A prototype device for electrocuting invasive lionfish closes its electrodes on an unfortunate victim. Photo: Ocean Support Foundation

By Kieron Monks
18 September 2016

(CNN) – Few predators can match the devastating impact of the lionfish.

Since arriving in US waters in the 1980s, these fearsome creatures have left a trail of destruction along the Atlantic Coast, from Rhode Island to Venezuela.

    Lionfish can reduce a flourishing coral reef to barren wasteland in a matter of weeks. Native fish, unfamiliar with the new arrival, do not know to avoid it, and the predator gorges to the point of obesity.

    As so-called "apex predators" they sit at the top of the food chain, unthreatened by any other creature. They breed rapidly, and are extremely resilient and adaptable. No solution has been found to control their advance yet, but conservationists could soon have a new tool at their disposal: killer robots.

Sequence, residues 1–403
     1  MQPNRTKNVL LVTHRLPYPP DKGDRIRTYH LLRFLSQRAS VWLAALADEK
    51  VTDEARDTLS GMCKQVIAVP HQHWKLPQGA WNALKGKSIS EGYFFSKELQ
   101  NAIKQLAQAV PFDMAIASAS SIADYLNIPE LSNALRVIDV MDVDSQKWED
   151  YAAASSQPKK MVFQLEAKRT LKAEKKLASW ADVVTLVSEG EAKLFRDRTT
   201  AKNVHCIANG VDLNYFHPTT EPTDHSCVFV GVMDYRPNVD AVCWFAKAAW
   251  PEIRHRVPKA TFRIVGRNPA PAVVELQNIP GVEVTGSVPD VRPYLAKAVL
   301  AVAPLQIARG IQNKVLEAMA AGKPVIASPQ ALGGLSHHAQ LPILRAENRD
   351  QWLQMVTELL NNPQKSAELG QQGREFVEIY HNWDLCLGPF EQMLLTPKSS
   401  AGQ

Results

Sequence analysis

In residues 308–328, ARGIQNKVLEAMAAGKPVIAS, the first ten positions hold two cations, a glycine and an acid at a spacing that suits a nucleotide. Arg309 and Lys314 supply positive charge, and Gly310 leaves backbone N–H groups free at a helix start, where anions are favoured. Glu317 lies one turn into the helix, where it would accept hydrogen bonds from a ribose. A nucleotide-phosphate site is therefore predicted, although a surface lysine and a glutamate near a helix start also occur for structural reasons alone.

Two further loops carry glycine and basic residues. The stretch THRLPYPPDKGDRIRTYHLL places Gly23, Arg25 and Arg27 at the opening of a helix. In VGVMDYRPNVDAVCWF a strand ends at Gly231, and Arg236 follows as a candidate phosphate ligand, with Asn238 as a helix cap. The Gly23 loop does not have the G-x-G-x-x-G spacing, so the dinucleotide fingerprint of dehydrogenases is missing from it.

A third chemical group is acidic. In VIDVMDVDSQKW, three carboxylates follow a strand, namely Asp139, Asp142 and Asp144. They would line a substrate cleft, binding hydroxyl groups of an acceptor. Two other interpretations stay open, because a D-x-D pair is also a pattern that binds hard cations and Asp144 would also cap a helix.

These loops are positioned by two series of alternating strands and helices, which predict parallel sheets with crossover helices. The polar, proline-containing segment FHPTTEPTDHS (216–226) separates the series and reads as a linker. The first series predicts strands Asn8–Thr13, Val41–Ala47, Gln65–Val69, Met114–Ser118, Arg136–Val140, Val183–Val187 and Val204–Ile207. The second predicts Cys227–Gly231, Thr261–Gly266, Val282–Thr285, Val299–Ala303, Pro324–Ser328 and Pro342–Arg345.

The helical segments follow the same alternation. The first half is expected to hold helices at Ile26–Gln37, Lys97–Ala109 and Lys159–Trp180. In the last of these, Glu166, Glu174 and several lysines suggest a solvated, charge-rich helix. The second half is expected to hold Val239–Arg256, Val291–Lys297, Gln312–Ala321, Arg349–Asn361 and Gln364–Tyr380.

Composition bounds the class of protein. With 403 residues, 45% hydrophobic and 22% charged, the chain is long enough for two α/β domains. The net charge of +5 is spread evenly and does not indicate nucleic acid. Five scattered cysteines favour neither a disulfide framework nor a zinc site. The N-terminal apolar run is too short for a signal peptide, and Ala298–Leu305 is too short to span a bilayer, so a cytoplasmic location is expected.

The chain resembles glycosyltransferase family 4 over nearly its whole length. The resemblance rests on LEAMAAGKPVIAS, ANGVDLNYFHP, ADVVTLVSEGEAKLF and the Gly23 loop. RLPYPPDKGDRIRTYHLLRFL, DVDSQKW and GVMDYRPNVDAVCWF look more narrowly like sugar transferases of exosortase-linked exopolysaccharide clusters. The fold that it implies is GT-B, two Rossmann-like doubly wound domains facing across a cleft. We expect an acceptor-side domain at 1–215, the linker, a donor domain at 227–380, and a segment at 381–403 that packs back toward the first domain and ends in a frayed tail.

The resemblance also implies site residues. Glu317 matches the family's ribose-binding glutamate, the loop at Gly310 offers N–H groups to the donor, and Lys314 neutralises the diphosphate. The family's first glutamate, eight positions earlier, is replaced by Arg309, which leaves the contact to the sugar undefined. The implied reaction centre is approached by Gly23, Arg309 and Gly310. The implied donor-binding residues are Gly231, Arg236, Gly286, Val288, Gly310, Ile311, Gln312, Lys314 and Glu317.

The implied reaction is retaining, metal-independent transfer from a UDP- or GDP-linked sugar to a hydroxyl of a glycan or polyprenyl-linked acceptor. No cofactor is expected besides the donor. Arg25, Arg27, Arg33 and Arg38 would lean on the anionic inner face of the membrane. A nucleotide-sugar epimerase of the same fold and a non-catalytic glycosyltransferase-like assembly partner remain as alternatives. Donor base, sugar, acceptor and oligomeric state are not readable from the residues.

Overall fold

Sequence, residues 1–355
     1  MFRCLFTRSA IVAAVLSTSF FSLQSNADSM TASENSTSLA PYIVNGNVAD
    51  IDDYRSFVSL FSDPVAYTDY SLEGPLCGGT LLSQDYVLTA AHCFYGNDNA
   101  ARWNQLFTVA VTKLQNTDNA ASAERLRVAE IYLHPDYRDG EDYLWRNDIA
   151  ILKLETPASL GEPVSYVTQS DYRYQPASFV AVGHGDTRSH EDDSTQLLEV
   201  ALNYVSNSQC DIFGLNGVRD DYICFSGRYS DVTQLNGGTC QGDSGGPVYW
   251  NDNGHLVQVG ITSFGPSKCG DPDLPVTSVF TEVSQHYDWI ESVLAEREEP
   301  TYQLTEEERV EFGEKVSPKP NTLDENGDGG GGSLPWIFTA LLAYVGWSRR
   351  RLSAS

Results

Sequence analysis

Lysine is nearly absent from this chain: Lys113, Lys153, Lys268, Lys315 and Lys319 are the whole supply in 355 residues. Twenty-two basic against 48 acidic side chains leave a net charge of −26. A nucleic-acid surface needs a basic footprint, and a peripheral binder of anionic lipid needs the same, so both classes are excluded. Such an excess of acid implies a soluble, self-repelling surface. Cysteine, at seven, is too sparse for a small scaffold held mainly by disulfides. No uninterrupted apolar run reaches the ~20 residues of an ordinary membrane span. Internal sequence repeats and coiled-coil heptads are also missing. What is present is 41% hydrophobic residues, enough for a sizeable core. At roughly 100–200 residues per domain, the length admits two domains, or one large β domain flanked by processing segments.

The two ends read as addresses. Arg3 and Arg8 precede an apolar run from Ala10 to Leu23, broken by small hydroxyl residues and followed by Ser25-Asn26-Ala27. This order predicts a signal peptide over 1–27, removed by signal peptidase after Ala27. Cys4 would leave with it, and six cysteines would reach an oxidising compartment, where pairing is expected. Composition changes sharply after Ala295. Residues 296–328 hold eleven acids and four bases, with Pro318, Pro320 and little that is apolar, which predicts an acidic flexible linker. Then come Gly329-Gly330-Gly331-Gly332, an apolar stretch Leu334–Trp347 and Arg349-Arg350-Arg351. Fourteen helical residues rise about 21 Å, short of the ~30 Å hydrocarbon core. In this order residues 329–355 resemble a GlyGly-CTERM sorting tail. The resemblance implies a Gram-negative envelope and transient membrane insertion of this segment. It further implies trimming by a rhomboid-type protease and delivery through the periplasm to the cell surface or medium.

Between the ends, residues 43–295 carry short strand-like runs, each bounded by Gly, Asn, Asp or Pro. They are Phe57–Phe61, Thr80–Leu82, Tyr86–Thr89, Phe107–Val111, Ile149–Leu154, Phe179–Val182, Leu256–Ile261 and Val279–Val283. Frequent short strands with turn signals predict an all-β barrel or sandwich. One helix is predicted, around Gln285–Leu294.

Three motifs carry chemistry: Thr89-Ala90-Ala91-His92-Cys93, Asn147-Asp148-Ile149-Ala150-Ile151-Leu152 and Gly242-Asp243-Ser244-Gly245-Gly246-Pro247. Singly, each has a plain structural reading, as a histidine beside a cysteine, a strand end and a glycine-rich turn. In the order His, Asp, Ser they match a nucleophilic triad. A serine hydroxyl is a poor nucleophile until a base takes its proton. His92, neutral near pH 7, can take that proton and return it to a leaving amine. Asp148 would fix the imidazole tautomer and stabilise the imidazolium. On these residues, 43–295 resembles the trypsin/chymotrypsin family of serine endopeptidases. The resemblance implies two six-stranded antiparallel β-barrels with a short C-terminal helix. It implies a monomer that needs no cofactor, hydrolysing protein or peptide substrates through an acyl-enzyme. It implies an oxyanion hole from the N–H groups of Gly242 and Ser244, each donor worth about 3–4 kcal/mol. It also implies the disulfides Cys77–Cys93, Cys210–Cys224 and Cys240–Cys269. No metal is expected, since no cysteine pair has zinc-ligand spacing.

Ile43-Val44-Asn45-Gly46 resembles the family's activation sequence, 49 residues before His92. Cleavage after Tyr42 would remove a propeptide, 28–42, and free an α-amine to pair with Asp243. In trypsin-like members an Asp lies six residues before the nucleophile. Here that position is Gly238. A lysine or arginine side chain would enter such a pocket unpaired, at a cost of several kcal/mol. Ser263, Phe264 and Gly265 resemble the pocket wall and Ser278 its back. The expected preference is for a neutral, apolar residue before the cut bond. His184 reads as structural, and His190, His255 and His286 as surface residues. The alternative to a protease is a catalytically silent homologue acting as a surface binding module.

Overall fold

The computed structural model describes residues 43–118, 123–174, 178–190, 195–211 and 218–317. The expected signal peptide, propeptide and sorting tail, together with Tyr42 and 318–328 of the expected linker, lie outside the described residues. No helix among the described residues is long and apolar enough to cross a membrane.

The idea emerged from a diving trip in Bermuda, where iRobot CEO Colin Angle met with local conservationists, and learned about the extent of the damage caused by lionfish.

    One of the group suggested that he create a machine to kill the fish, and another offered to provide funding.

    Angle returned home and wrote a proposal, which swiftly became the non-profit company "Robots in Service of the Environment (RISE)."

    The design for a lionfish killer combines a remotely-operated vehicle (ROV), using technology which iRobot had developed for the automatic vacuum cleaner Roomba, with a bespoke electrocution device.

    "Think of it as a video game," says RISE executive director John Rizzi.

    "It will be a tethered device with a control mechanism that you drop into the water," he says. "You drive the ROV until you see the fish -- a lot of the technology is in the cameras -- then you drive the ROV onto the fish and press the trigger." [more]

    Can killer robots save ocean ecosystems?



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